This analysis establishes bookends and highlights the likely importance of blue carbon conversion. Information available to support these estimates, however, has high uncertainty. New research is needed to improve our estimates of how much carbon is trapped in these ecosystems, how much carbon is released into the atmosphere by their conversion, and where on the planet carbon loss is occurring most rapidly. Our analysis incorporated widely varying inputs and therefore shows that, regardless of how the science is ultimately refined, the unaccounted carbon gas emissions from coastal conversions are quite likely very high.
While more natural science research is underway, the development of policies and protocols that allow existing and emerging carbon markets to compensate stewards for conserving these ecosystems and reducing the amount of carbon gas emissions to the atmosphere could move forward. If markets and policies are in place, emerging science can translate into action for coastal blue carbon. Such policies could have a significant impact on greenhouse gas emissions, and a transformational impact on the ecosystems themselves.
All authors contributed directly to this manuscript as part of a workshop held at Duke University in October 2010 and through the contribution of data, interpretation, and writing. We thank S. Copeland for valuable insights on this topic and 2 anonymous reviewers for constructive comments.
Conceived and designed the experiments: LP DCD BCM SC WAJ SS CC JWF JBK NM PM EP DH DG AB. Analyzed the data: LP DCD BCM SC WAJ CC JWF JBK NM PM. Wrote the paper: LP DCD BCM SC WAJ SS CC JWF JBK NM PM EP DH DG AB.
- 1. van der Werf GR, Morton DC, DeFries RS, Olivier JGJ, Kasibhatla PS, et al. (2009) CO2 emissions from forest loss. Nature Geoscience 2: 737–738.
- 2. Nellemann C, Corcoran E, Duarte CM, Valdes L, DeYoung C, et al.. (Eds) (2009). Blue Carbon. A Rapid Response Assessment. United Nations Environment Programme, GRID-Arendal website. www.grida.no. Accessed 2011 Nov 11.
- 3. Gordon D, Murray BC, Pendleton L, Victor B (2011) Financing Options for Blue Carbon: Opportunities and Lessons from the REDD+ Experience. Report NI R 11-11, Nicholas Institute for Environmental Policy Solutions, Duke University, Durham. Duke University website. Available at: http://nicholasinstitute.duke.edu/economics/naturalresources/financing-options-for-blue-carbon/at_download/paper. Accessed 2012 January 5.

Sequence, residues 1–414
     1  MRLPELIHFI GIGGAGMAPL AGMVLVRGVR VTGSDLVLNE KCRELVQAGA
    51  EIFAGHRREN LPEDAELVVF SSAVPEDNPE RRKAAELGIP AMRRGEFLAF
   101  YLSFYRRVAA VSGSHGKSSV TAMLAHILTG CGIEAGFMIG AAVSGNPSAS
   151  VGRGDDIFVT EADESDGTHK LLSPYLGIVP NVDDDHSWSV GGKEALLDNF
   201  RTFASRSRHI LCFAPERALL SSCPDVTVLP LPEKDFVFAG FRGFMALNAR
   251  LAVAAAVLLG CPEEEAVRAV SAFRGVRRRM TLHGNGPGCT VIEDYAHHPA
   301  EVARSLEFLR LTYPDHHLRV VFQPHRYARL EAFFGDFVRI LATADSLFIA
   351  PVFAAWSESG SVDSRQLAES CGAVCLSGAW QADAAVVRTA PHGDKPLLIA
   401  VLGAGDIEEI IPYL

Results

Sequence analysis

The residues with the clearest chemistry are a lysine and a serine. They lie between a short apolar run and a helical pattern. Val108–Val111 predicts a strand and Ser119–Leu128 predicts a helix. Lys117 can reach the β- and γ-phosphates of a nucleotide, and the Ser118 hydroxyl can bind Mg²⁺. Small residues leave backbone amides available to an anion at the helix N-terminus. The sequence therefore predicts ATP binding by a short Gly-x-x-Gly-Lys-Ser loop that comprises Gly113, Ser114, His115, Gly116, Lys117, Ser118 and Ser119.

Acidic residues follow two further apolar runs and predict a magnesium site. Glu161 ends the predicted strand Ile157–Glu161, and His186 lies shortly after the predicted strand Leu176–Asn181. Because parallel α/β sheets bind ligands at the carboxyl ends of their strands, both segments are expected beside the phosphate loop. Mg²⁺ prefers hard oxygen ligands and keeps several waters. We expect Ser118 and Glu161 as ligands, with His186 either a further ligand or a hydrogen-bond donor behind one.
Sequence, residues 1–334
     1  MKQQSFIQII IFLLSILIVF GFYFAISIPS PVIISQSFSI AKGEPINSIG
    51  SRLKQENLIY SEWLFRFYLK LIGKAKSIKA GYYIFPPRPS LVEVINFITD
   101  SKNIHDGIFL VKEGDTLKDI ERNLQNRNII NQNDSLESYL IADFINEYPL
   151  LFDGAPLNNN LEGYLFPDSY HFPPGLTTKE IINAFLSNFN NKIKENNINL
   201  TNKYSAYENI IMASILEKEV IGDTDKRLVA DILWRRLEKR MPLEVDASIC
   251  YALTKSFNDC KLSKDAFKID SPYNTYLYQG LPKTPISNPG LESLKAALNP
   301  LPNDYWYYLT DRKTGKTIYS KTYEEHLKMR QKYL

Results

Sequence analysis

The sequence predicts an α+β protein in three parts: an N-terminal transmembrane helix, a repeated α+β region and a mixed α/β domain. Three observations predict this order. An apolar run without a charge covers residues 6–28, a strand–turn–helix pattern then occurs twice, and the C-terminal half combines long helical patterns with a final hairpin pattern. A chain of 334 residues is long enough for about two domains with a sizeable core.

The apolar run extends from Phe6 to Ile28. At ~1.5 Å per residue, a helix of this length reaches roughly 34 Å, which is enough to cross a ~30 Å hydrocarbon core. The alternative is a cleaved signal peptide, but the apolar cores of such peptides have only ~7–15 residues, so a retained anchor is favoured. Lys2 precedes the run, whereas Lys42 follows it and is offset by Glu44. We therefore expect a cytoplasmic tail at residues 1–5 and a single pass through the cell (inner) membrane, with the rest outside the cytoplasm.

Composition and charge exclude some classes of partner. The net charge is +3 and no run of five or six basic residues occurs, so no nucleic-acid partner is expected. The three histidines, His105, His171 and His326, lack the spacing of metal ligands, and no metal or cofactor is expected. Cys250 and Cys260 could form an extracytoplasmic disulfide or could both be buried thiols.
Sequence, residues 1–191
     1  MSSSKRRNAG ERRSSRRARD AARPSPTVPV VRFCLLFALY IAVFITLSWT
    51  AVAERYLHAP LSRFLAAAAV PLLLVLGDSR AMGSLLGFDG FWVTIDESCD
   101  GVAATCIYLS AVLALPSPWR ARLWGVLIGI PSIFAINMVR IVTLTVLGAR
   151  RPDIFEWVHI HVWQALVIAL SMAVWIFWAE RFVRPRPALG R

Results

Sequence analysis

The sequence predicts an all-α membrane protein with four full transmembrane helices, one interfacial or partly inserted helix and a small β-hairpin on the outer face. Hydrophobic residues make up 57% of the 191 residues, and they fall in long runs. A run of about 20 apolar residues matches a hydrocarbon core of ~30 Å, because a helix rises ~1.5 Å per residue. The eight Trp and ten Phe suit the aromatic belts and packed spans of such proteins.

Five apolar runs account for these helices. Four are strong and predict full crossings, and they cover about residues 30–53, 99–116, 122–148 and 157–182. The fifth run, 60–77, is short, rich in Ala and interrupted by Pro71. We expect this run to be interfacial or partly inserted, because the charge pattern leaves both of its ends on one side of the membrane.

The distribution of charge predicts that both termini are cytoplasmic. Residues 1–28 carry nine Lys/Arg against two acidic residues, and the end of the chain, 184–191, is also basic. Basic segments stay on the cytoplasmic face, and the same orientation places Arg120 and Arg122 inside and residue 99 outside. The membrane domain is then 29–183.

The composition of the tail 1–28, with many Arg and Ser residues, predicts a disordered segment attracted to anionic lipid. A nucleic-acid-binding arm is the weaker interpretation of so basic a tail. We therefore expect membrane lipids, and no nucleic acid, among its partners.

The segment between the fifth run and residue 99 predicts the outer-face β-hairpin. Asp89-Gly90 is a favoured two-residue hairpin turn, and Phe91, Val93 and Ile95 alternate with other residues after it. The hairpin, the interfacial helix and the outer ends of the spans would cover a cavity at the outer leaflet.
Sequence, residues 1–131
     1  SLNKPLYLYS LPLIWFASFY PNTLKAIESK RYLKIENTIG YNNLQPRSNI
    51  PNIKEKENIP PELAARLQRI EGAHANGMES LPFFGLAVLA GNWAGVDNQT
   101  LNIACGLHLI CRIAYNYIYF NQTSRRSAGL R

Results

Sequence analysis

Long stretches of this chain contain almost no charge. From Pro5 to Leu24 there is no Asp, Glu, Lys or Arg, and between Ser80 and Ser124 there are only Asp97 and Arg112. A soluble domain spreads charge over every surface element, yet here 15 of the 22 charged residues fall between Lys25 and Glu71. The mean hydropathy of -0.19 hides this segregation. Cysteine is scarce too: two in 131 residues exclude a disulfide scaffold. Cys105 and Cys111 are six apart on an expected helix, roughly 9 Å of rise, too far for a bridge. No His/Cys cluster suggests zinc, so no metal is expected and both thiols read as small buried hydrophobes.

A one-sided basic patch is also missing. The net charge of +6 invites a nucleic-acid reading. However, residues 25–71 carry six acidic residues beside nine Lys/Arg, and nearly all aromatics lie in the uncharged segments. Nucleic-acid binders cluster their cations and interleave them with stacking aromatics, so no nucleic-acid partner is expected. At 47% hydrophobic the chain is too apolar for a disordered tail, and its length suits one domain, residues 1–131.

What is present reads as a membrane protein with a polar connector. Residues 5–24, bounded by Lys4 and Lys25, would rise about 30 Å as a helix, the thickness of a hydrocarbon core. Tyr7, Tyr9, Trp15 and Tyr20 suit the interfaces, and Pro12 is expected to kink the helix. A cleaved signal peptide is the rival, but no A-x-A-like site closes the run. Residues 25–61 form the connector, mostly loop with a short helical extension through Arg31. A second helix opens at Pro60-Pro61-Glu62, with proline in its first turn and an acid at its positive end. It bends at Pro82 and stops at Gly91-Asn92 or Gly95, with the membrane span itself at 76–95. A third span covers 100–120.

- 4. Climate Focus (2011) Blue Carbon Policy Options Assessment. Washington DC.
- 5. Barbier EB, Hacker SD, Kennedy C, Koch EW, Stier AC, et al. (2011) The value of estuarine and coastal ecosystem services. Ecological Monographs 81: 169–193. doi: 10.1890/10-1510.1
- 6. Short FT, Wyllie-Echeverria S (1996) Natural and human-induced disturbance of seagrasses. Environmental Conservation 23: 17–27. doi: 10.1890/10-1510.1
- 7. Valiela I, Bowen JL, York JK (2001) Mangrove forests: One of the world's threatened major tropical environments. BioScience 51: 807. doi: 10.1890/10-1510.1
- 8. Duke NC, Meynecke JO, Dittmann S, Ellison AM, Anger K, et al. (2007) A world without mangroves? Science 317: 41–42. doi: 10.1126/science.317.5834.41b
- 9. Giri C, Zhu Z, Tieszen LL, Singh A, Gillette S, et al. (2008) Mangrove forest distributions and dynamics (1975–2005) of the tsunami-affected region of Asia. Journal of Biogeography 35: 519–528. doi: 10.1111/j.1365-2699.2007.01806.x
- 10. Giri C, Muhlhausen J (2008) Mangrove forest distributions and dynamics in Madagascar (1975–2005). Sensors 8: 2104–2117. doi: 10.1111/j.1365-2699.2007.01806.x
- 11. Waycott M, Duarte CM, Carruthers TJB, Orth RJ, Dennison WC, et al. (2009) Accelerating loss of seagrasses across the globe threatens coastal ecosystems. Proceedings of the National Academy of Science USA 106: 12377–12381. doi: 10.1111/j.1365-2699.2007.01806.x
- 12. McLeod E, Chmura GL, Bouillon S, Salm R, Bjork M, et al. (2011) A blueprint for blue carbon: toward an improved understanding of the role of vegetated coastal habitats in sequestering CO2. Frontiers in Ecology and the Environment 9: 552–560. doi: 10.1111/j.1365-2699.2007.01806.x
- 13. Costanza R, d'Arge R, de Groot R, Farber S, Grasso M, et al. (1997) The value of the world's ecosystem services and natural capital. Nature 387: 253–60. doi: 10.1038/387253a0
- 14. Alongi DM (2002) Present state and future of the world's mangrove forests. Environmental Conservation 29: 331–49. doi: 10.1038/387253a0
- 15. Duarte CM, Middelburg J, Caraco N (2005) Major role of marine vegetation on the oceanic carbon cycle. Biogeosciences 2: 1–8. doi: 10.1038/387253a0